One area in which law enforcement agencies have stretched constitutional limits concerns the scope of a suspect’s consent to search his or her vehicle. Police forces across the country have tested the limits of consent by asking vague, conversational questions to suspects with the goal of obtaining a suspect’s consent to search, even though that individual may not want to allow the search or may not know that he or she has the right to deny consent.
Conversational phrases like “Can I take a quick look?” or “Can I take a quick look around?” have “emerg[ed] as . . . a regular part of police jargon.” When people answer these questions in the affirmative—thus consenting to a search—courts have diverged on the question of what people have actually agreed to. Have they given up any right at all? Or, have they just consented to a full search?
Part I of this Note will describe the history of consent and its interplay with the U.S. Constitution. Part II will then examine and analyze how courts have interpreted the scope of consent in a variety of “conversational consent search” cases. Finally, Part III will analyze a variety of potential solutions to the issues conversational consent searches present and ultimately propose that courts should adopt a narrow interpretation of the search scope granted by a conversational consent.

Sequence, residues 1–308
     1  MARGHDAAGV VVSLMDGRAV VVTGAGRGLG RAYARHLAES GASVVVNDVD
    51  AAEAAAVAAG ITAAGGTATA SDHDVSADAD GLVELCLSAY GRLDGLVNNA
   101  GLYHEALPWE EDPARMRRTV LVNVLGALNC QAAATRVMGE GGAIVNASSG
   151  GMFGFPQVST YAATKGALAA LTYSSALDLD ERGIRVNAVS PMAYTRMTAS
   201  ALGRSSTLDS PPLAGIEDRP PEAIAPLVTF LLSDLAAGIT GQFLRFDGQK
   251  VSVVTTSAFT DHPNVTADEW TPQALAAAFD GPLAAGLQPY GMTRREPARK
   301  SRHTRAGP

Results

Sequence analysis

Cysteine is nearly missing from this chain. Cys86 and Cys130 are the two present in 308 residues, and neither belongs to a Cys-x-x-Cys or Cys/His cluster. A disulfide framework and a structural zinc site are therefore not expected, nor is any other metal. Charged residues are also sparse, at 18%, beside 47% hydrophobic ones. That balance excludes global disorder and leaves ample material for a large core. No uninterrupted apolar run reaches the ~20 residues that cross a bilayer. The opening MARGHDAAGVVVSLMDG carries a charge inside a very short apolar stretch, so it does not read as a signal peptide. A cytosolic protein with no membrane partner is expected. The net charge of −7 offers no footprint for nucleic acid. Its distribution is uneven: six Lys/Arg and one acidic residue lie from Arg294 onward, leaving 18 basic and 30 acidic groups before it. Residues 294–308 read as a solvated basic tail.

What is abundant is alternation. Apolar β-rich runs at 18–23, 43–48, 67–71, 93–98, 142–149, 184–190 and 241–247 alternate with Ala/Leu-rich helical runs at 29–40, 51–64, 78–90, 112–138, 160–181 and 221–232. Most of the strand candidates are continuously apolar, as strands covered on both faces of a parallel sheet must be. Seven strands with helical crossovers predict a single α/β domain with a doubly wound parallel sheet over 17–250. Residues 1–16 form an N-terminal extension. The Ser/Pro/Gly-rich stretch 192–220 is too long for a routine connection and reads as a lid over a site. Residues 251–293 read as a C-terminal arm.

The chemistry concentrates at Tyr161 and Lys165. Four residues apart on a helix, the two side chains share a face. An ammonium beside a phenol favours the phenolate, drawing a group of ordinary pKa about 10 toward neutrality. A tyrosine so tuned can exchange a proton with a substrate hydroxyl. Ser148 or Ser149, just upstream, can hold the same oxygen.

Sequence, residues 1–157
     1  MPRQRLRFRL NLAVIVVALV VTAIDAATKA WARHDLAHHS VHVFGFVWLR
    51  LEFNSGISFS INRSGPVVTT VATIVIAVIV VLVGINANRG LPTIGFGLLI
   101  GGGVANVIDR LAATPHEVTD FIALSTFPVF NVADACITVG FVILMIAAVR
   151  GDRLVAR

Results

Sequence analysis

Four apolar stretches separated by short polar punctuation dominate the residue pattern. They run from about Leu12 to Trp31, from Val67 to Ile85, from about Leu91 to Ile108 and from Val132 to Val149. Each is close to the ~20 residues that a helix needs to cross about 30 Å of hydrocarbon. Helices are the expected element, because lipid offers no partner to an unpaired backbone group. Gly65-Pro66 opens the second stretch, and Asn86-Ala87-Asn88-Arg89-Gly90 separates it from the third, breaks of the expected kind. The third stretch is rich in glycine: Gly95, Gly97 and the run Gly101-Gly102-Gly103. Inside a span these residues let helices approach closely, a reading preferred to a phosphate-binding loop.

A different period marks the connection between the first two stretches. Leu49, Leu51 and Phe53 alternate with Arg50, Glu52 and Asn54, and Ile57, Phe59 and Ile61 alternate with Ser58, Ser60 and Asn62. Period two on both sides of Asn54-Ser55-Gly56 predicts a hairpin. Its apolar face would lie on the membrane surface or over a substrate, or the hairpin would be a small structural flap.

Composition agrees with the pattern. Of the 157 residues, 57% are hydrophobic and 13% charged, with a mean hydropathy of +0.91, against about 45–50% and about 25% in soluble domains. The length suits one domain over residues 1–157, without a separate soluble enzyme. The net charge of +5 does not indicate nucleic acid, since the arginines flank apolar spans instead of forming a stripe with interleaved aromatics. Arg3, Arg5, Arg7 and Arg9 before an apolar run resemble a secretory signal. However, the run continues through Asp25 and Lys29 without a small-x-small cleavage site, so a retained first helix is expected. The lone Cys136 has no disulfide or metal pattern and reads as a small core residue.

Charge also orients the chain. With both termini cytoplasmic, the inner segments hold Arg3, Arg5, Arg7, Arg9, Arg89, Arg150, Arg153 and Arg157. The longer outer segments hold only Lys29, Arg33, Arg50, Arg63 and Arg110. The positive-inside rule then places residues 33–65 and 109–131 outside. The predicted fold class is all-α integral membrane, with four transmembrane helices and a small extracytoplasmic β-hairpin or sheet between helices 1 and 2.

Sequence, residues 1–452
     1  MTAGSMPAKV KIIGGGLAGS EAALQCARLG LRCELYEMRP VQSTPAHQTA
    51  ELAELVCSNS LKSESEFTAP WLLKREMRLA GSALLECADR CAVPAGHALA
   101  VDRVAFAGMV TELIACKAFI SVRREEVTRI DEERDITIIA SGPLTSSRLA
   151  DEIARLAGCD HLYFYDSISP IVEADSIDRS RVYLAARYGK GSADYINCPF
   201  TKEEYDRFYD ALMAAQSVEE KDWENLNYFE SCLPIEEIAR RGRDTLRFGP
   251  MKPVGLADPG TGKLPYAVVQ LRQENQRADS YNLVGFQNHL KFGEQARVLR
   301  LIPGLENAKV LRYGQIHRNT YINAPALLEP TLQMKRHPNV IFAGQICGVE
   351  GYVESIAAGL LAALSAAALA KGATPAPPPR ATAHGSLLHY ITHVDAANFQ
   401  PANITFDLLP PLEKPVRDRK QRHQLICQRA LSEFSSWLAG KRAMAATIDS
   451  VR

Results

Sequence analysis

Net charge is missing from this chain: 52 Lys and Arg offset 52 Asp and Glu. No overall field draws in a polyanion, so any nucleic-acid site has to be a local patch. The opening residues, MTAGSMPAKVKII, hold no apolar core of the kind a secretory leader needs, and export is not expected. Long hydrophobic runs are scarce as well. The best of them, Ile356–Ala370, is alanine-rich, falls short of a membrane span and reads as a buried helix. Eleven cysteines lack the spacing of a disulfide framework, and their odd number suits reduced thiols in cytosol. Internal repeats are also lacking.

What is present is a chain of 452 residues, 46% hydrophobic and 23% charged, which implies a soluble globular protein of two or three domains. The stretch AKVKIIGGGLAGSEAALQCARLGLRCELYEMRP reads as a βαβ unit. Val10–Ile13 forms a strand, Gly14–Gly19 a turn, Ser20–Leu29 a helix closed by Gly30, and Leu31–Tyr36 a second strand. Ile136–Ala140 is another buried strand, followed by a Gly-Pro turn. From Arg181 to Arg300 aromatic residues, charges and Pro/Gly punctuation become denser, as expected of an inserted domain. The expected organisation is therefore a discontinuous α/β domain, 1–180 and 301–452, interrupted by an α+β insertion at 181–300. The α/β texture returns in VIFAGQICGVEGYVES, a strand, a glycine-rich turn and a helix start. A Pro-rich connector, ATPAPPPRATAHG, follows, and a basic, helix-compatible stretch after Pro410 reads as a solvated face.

Alexander A. Mikhalevsky,
The Conversational Consent Search: How “Quick Look” And Other Similar Searches Have Eroded Our Constitutional Rights,
Ga. St. U. L. Rev.
Available at: https://readingroom.law.gsu.edu/gsulr/vol30/iss4/7
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